Thursday, March 24, 2016

Logical partition

A logical partition, commonly called an LPAR, is a subset of computer's hardware resources, virtualized as a separate computer. In effect, a physical machine can be partitioned into multiple logical partitions, each hosting a separate operating system.


IBM developed the concept of hypervisors (virtual machines in CP-40 and CP-67) and in 1972 provided it for the S/370 as Virtual Machine Facility/370. IBM introduced the Start Interpretive Execution (SIE) instruction (designed specifically for the execution of virtual machines) as part of 370-XA architecture on the 3081, as well as VM/XA versions of VM to exploit it. PR/SM is a type-1 Hypervisor based on the CP component of VM/XA that runs directly on the machine level and allocates system resources across LPARs to share physical resources. It is a standard feature on IBM System z, System p, and System i machines.

The terms PR/SM and LPAR are often used interchangeably, including in IBM documentation. Formally, LPAR designates the logical partitioning function and mode of operation, whereas PR/SM is the commercial designation of the feature.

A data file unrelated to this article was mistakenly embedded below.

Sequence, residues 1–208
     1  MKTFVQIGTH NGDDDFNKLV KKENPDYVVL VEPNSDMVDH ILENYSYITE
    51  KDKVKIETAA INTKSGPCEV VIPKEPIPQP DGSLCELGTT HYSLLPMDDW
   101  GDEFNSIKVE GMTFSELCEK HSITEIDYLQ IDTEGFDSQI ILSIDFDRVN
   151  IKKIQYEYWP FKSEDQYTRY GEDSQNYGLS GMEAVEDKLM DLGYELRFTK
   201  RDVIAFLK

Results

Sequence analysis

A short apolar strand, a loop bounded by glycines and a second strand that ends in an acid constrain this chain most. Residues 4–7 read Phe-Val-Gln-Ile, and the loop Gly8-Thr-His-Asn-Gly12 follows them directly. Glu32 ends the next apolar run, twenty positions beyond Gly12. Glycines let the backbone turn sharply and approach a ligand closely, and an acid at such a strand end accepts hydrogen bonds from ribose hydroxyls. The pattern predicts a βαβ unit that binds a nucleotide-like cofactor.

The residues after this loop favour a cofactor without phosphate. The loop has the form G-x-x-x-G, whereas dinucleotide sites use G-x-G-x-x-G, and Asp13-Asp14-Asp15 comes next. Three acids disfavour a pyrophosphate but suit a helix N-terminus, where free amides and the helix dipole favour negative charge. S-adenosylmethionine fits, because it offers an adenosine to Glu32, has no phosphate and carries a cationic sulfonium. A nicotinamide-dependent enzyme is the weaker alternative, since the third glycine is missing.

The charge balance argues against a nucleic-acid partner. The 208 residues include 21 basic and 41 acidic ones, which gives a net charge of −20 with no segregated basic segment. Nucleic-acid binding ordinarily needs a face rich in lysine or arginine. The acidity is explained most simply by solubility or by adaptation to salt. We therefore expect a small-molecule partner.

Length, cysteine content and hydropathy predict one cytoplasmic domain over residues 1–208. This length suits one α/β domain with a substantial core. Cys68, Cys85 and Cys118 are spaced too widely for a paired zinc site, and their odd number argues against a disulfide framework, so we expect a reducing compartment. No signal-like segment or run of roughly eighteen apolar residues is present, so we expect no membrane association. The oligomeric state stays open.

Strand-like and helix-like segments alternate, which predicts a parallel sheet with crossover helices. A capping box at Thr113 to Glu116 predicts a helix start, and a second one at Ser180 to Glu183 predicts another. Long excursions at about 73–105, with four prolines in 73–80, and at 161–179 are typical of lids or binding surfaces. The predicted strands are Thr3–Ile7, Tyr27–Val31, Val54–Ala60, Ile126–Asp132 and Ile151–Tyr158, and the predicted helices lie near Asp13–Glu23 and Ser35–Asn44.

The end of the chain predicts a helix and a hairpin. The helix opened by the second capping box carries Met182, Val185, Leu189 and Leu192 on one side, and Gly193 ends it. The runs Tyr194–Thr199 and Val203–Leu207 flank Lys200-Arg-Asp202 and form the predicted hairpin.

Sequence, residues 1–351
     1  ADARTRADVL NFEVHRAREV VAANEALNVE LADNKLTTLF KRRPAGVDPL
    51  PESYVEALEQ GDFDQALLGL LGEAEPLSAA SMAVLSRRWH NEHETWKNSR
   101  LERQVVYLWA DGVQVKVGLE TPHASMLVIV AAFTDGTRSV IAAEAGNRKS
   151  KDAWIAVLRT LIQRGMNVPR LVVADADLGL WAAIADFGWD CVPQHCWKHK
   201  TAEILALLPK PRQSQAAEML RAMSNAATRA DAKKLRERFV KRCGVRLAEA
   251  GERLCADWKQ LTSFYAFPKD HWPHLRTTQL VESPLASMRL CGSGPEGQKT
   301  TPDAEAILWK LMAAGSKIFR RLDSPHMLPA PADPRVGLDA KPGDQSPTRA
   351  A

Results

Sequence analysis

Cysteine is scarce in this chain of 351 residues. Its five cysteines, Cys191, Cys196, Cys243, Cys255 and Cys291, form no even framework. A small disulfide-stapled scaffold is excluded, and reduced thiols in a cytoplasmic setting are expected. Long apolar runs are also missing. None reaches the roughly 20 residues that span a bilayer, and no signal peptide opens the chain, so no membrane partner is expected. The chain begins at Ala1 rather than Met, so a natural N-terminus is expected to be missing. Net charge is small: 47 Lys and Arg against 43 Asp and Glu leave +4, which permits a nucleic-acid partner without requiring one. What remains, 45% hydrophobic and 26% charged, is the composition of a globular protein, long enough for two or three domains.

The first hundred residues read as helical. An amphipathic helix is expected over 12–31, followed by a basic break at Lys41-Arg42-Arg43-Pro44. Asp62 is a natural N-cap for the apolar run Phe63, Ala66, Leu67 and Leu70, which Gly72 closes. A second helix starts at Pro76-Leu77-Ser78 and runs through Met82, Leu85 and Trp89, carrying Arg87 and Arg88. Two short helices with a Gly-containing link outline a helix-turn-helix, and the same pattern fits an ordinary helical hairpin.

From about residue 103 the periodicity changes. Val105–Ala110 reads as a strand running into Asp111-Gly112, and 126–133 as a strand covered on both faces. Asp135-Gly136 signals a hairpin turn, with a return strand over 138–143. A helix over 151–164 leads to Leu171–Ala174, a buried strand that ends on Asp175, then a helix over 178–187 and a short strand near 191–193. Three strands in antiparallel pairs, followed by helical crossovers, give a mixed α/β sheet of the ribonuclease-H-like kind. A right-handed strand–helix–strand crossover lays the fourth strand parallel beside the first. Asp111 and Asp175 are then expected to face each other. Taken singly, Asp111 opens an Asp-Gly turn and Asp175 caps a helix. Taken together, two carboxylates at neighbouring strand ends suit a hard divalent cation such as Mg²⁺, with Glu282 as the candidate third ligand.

This technology was later developed separately by Amdahl, and Hitachi Data Systems for their implementations of the ESA/390 architecture in the mid 1980s; and continued by IBM for the System z and System i architectures. LPAR and PR/SM reconfigurations can be made without rebooting the computer, i.e., while some LPARs remain active. Reconfigurations can include changing channel path definitions and device definitions.

z/VM supports the z/Architecture HiperSockets function for high-speed TCP/IP communication among virtual machines and logical partitions (LPARs) within the same IBM zSeries server. This function uses an adaptation of the Queued-Direct Input/Output (QDIO) high-speed I/O protocol.

IBM later introduced LPARs to their midrange iSeries and pSeries servers in 1999 and 2001, respectively, albeit with varying technical specifications. Multiple operating systems are compatible with LPARs, including z/OS, z/VM, z/VSE, z/TPF, AIX, Linux, and i/OS. In storage systems, such as the IBM TotalStorage DS8000, LPARs allow for multiple virtual instances of a storage array to exist within a single physical array.

In first part of 2010 year, Fujitsu announced availability of its x86 64 PRIMEQUEST line of servers, which support LPARs.

In second part of 2011 year, Hitachi has announced availability of CB2000 and CB320 blade systems,which support LPAR on x86 64 hardware.